Yes we are talking politics. Not in an effort to further clutter your media outlets with more election jargon, but to talk about important aspects about the election and why it touches so many strings with many of us.
First off the elections are an integral part of what it means to be an American, or so we are told. Many will tell you that it is your responsibility to vote, because so many fought before us to earn the rights. They will also follow that up with, if you don’t vote you can’t complain.
While it is true that many fought before us to establish the right to vote, there is also truth in the fact that the fight is not over. Being able to vote is not the peak of liberal freedom. In fact it’s only the base of new obstacles we must climb.
How can having the right to choose between two people that many passionately dislike, be freedom?
A choice between the lesser of two evils is not a choice.
Recently a business owner friend of mine who owns a plumbing company in Mesa Arizona said publicly on his timeline that not voting may be the most impactful way to exercise your right to vote. At first I did not agree, and the idea to just throw away your vote like that was irresponsible.
However like I said earlier choosing between the lesser of two evils does not seem like the right choice either.
If you follow philosophies like the secret, or think and grow rich, they tell you to envision and think of what you want, not what you don’t want.
When we base a decision based of what we don’t want, were in many ways submitting to not really having a choice.
Do you want sausage or bacon? What if you are a vegetarian and you want neither.
I believe in many ways being the president is becoming less and less desirable for qualified candidates. Candidates are ridiculed and publicly scrutinized to a level that often times ruins their public image permanently. Not to mention the cost of entry. Campaigning are extremely expensive, and if your not a billionaire (cough) than you you must succumb to corporate interests in order to receive funding (cough). Sound familiar?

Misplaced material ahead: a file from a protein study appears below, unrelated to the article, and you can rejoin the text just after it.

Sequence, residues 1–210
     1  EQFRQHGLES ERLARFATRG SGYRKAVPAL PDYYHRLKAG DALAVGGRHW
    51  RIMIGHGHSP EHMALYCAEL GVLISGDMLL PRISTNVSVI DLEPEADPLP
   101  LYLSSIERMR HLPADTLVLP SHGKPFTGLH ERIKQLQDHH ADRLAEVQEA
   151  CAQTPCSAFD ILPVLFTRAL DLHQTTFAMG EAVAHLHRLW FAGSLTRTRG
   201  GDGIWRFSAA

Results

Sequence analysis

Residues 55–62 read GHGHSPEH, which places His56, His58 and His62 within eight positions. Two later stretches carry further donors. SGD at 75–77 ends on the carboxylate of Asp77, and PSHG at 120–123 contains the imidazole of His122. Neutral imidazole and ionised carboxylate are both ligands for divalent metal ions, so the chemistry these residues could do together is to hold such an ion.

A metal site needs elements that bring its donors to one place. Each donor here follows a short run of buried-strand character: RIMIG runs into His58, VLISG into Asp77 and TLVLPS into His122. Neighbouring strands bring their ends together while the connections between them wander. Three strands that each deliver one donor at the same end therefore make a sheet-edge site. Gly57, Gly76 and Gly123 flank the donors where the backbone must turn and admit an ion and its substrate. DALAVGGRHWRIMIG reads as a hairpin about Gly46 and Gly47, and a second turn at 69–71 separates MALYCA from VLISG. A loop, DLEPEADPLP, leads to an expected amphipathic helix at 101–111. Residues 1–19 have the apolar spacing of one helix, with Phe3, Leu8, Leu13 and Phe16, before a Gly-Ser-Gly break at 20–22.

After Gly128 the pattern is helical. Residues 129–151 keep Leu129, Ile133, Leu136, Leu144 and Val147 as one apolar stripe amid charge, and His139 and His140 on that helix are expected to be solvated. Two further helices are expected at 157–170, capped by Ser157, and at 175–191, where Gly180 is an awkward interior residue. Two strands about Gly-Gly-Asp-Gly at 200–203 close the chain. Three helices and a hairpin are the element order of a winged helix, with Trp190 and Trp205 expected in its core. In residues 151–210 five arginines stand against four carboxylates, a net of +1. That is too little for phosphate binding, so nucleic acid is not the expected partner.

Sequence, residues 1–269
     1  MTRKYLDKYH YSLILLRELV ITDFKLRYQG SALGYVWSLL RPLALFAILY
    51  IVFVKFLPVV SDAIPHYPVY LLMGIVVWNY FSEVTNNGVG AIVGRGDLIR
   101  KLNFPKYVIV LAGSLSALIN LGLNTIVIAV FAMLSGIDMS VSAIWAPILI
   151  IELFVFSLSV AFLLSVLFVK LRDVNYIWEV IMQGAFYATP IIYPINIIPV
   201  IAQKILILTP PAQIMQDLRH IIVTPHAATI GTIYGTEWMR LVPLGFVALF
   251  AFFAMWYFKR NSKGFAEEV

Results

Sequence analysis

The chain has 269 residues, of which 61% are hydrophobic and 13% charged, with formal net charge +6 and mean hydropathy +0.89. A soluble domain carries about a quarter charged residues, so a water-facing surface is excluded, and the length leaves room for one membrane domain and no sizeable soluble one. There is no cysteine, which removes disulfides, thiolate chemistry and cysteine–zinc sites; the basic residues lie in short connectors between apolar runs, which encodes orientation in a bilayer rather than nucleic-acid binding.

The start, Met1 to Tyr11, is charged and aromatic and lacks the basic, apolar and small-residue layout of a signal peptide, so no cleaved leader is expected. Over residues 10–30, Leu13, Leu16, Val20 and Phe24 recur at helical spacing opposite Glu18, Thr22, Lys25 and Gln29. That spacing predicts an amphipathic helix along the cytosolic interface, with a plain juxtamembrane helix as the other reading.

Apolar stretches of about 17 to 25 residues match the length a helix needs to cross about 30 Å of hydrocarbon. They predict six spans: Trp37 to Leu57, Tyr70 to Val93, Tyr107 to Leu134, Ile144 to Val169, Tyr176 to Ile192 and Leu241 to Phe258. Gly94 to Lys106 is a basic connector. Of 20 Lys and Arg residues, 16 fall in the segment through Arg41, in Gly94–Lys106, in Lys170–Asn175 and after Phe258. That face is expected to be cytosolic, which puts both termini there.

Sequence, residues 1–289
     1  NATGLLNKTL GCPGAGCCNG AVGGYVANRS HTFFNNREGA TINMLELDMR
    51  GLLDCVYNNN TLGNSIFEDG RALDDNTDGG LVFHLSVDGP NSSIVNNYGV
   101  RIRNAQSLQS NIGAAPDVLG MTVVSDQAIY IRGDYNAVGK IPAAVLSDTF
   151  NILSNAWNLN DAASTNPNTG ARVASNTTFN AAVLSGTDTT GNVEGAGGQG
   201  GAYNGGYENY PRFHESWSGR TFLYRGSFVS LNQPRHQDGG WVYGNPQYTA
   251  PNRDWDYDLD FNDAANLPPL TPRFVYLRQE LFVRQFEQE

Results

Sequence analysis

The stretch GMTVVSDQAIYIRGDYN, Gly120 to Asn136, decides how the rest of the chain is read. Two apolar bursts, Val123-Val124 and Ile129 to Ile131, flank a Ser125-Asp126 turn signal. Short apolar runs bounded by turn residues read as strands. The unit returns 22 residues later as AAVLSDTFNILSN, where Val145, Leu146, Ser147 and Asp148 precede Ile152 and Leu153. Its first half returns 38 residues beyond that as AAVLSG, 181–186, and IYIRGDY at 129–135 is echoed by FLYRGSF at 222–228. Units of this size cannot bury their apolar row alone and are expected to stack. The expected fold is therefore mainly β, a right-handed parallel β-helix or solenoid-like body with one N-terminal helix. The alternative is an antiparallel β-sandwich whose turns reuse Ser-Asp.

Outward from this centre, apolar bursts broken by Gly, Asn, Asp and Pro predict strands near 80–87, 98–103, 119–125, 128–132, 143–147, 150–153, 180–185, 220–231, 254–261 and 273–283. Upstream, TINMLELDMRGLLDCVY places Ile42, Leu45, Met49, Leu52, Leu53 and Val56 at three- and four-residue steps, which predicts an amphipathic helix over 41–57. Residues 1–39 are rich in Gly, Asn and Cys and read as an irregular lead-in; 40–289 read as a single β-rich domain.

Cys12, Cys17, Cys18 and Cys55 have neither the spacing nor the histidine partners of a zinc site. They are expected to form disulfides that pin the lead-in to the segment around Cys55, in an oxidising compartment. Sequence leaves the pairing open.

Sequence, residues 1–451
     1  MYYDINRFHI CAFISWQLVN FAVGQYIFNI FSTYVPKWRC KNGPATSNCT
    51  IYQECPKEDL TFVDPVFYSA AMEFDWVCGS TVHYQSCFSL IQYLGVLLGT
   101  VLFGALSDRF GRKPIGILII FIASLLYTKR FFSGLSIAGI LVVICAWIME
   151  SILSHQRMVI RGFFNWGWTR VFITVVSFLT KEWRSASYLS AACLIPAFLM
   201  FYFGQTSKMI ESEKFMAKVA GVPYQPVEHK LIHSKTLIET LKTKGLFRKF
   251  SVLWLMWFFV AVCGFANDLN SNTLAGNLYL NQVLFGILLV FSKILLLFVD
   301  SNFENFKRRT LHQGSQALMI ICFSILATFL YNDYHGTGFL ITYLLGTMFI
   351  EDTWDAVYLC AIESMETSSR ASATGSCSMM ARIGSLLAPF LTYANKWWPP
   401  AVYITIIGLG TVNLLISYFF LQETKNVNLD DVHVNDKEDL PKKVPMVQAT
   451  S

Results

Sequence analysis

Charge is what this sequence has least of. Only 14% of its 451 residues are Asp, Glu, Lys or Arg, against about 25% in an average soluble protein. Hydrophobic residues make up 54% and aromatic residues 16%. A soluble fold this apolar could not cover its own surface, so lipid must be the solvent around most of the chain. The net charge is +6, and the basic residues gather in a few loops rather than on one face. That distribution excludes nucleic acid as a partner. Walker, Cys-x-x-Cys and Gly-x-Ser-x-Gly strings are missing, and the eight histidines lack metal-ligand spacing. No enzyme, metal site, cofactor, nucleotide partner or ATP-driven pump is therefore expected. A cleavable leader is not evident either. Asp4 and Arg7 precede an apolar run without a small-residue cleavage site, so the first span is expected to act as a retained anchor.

Campaign funding definitely highlights a flaw in our political system and a way for corporations to creep their way into political power. By making substantial donations to campaigns, corporations pretty much get an I owe you for the future. Or direct influence on a policy that they have spoken directly to the candidate about behind close doors.
This just brings the autonomy of the government into further question. How can corporations legally have so much affect on politicians. They essentially fund their way into office, with good faith that the president will honor their interests once they are in the white house.
This situation is even further concerning when you consider what happens when large interests get together, and create super pacs to support a candidate.
Just like I discussed with the revolving door, the line between corporate interests and governmental interests are becoming increasingly similar.
Now ask yourself, who funds the interests of the general public?
And sure you may fall for the campaigning of one of these individuals, but what happens when they get into to office? Do they still support things that they said to get elected, or do they begin repaying the interest of their financiers?
It was once said to me that politicians ought to be like nascar drivers and wear their sponsors on their uniform. Perhaps if we better understood the type of corporate sponsorship a candidate was accepting, and understood whose interests that may be seeking to repay, than we could make a more educated vote.
Hopefully something I said will spark you to reconsider why you vote, and who you vote for, or at least entertained you for a few minutes.